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This article was published 15/3/2011 (3139 days ago), so information in it may no longer be current.
OTTAWA — The Canadian Human Rights Tribunal says it can't decide if Ottawa's funding for child welfare services on reserves is discriminatory because Ottawa doesn't provide child welfare services anywhere else.
In a ruling Monday, the CHRT dismissed a case brought in 2007 alleging the federal government is violating the human rights of aboriginal children by chronically underfunding child and family services provided on reserves.
Ottawa has sole jurisdiction to fund child welfare for kids living on reserves while the provinces look after all kids who live off reserve. But repeated studies, investigations by the auditor general and judicial inquiries have shown Ottawa spends as much as 22 per cent less per child than the provinces do.
It has affected the level of services kids on reserves can receive, how often social workers can visit them and what programs families can be offered. As a result, on-reserve kids are far more likely to end up in foster care than other kids.
In Manitoba more than 85 per cent of the children in care are aboriginal. About one-third were living on reserves when they were taken into care.
In 2007, the First Nations Child and Family Caring Society and the Assembly of First Nations filed a complaint with the Canadian Human Rights Commission alleging Ottawa was systematically discriminating against aboriginal kids by refusing to provide them the same level of family services as other children received from the provinces.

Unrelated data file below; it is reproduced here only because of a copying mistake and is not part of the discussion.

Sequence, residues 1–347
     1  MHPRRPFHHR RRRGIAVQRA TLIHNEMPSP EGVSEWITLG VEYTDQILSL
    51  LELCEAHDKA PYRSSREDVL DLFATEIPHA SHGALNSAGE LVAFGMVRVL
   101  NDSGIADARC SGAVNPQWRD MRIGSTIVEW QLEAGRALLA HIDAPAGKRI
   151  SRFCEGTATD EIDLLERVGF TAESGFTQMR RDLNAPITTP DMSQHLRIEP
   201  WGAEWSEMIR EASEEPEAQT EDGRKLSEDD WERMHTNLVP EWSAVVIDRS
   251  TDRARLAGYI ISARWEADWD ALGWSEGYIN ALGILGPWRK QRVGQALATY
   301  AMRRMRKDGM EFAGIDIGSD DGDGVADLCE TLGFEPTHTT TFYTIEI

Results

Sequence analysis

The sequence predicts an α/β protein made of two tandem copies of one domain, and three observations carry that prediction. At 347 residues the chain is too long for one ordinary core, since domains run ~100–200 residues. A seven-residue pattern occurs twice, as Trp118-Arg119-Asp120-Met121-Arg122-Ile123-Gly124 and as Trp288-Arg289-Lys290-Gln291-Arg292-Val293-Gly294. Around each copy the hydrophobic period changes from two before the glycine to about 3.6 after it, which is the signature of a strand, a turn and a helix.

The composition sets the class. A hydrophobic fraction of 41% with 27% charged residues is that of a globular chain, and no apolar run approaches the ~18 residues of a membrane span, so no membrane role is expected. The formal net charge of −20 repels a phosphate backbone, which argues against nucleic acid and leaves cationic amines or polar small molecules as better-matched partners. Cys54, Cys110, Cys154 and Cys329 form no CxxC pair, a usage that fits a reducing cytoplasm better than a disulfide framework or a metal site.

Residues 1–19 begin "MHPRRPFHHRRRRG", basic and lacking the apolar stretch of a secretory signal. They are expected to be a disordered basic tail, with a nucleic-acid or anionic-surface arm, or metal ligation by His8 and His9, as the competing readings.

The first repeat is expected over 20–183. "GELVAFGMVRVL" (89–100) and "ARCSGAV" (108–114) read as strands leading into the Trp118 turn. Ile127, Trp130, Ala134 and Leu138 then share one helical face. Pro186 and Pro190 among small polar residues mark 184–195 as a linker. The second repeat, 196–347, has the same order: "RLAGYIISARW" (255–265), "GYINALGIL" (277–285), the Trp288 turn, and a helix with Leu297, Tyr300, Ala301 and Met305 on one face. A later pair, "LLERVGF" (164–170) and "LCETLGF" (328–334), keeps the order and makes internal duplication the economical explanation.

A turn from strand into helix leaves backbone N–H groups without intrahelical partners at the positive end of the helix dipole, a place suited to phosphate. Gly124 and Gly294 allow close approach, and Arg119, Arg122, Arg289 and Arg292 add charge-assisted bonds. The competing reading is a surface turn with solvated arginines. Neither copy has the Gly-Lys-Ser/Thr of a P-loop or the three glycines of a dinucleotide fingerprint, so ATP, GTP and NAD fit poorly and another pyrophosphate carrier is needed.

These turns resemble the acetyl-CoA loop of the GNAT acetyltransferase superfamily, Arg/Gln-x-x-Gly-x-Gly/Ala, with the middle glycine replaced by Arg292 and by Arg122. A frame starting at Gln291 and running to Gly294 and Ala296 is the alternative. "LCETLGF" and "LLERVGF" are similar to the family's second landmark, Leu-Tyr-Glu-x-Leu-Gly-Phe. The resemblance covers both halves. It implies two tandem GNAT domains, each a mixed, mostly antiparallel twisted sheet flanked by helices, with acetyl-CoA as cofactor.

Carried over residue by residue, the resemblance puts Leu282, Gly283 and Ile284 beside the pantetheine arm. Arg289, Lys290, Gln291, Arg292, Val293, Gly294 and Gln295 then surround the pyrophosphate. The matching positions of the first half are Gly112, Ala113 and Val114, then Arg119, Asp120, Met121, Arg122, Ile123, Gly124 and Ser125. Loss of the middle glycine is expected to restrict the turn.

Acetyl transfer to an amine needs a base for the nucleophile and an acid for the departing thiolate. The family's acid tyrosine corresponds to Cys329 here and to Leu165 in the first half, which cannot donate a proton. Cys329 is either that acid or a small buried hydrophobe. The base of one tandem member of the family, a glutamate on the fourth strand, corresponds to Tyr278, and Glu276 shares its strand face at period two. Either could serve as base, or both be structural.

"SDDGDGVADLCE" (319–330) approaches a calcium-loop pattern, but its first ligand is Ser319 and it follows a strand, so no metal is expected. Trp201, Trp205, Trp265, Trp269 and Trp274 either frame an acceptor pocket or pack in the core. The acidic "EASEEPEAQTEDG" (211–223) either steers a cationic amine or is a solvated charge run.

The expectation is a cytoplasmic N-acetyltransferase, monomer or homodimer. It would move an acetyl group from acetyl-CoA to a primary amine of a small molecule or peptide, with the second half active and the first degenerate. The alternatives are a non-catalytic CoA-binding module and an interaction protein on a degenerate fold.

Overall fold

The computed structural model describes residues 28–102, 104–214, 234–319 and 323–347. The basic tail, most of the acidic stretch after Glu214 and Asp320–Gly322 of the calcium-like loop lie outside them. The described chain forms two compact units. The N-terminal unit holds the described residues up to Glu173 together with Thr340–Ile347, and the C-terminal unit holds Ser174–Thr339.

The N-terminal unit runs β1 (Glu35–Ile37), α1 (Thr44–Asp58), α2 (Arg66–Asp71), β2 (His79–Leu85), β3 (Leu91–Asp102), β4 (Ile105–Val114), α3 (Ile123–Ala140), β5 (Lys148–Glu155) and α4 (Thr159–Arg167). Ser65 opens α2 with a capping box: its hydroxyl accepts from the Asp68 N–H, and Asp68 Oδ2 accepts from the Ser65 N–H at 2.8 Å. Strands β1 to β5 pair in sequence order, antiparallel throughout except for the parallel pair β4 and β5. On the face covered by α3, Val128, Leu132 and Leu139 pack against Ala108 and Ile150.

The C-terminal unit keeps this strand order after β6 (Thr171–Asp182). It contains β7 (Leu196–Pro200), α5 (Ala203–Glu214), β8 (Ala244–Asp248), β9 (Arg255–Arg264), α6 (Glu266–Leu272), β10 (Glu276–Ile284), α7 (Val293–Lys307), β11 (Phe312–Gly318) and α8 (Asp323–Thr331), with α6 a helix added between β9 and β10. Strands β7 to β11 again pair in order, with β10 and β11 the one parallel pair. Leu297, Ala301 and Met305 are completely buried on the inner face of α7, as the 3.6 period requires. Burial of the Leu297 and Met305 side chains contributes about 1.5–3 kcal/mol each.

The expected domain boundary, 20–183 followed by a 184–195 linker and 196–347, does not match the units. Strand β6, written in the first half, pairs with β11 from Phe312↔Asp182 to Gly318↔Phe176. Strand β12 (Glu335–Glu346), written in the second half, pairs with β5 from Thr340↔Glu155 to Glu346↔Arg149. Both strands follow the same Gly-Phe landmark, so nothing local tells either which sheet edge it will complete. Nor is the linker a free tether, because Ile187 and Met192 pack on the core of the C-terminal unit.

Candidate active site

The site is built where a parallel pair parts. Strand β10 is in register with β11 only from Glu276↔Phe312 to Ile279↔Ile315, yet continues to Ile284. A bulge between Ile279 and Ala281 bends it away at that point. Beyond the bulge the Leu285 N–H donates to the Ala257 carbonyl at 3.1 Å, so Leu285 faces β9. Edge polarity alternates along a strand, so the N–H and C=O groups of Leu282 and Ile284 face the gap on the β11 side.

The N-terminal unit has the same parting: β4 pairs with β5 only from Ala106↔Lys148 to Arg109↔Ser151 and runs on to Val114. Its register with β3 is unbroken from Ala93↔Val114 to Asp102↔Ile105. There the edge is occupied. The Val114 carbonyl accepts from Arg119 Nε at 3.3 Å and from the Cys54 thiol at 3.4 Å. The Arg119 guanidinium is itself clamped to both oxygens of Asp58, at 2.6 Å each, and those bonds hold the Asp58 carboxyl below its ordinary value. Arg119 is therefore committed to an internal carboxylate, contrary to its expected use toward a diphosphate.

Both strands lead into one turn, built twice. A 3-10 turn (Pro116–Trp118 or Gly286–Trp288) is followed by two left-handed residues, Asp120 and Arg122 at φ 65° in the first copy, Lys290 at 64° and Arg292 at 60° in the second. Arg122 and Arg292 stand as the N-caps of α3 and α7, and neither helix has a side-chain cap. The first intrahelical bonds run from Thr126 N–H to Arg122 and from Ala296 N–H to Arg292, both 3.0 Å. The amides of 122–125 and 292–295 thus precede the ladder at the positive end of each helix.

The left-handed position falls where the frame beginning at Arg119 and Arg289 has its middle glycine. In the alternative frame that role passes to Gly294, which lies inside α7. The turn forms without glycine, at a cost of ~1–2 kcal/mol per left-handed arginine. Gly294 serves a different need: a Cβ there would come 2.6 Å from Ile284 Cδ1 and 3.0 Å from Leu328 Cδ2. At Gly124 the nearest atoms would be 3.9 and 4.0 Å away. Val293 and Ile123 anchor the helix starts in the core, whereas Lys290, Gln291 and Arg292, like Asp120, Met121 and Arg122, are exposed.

The commission referred the complaint to the tribunal for a hearing. The federal government challenged the tribunal's jurisdiction to hear the case in court but was denied both by the original judge and on appeal.
Ottawa then sought a dismissal on jurisdictional grounds from the Canadian Human Rights Tribunal itself.
In her decision, CHRT chairwoman Shirish Chotalia said the human rights act allows complaints only based on services provided differently by the same level of government. She likened it to an employee at one company complaining an employee at another company receives better treatment.
"In order to find that adverse differentiation exists, one has to compare the experience of the alleged victims with that of someone else receiving those same services from the same provider," she wrote in her 67-page ruling.
Caring Society head Cindy Blackstock was devastated by the decision and said immediately the society will appeal.
"It disturbs me greatly that an allegation this serious is dismissed on a technicality," she said.
Blackstock said basically what Chotalia has done is tell Ottawa it can provide worse service to aboriginal kids on reserve as long as it doesn't provide the same type of service anywhere else.
"All we are asking for is that our kids get the same shot to live safely with their families as other kids," she said. "We will not give up. If we have to take it all the way to the Supreme Court we will."
Ottawa has been slowly increasing its commitments to aboriginal child welfare in agreements signed with each province. Last July it pledged $177-million over five years for Manitoba reserves to specifically target programs that prevent families from breaking up. Five other provinces have signed similar agreements.
The provincial government was not part of the complaint and said Tuesday it has not assessed the decision and therefore would not comment, including whether Ottawa's recent cash commitment addresses any discrimination that may have been in play. The Canadian Human Rights Commission will also appeal the ruling, fearing it sends a message aboriginals cannot complain about discriminatory services in any area. Although the provinces have jurisdiction over health care, education and other areas, Ottawa still is responsible for providing those services on reserves.
CHRC director and senior counsellor Philippe Dufresne said this decision could have wide-ranging impacts and must be challenged.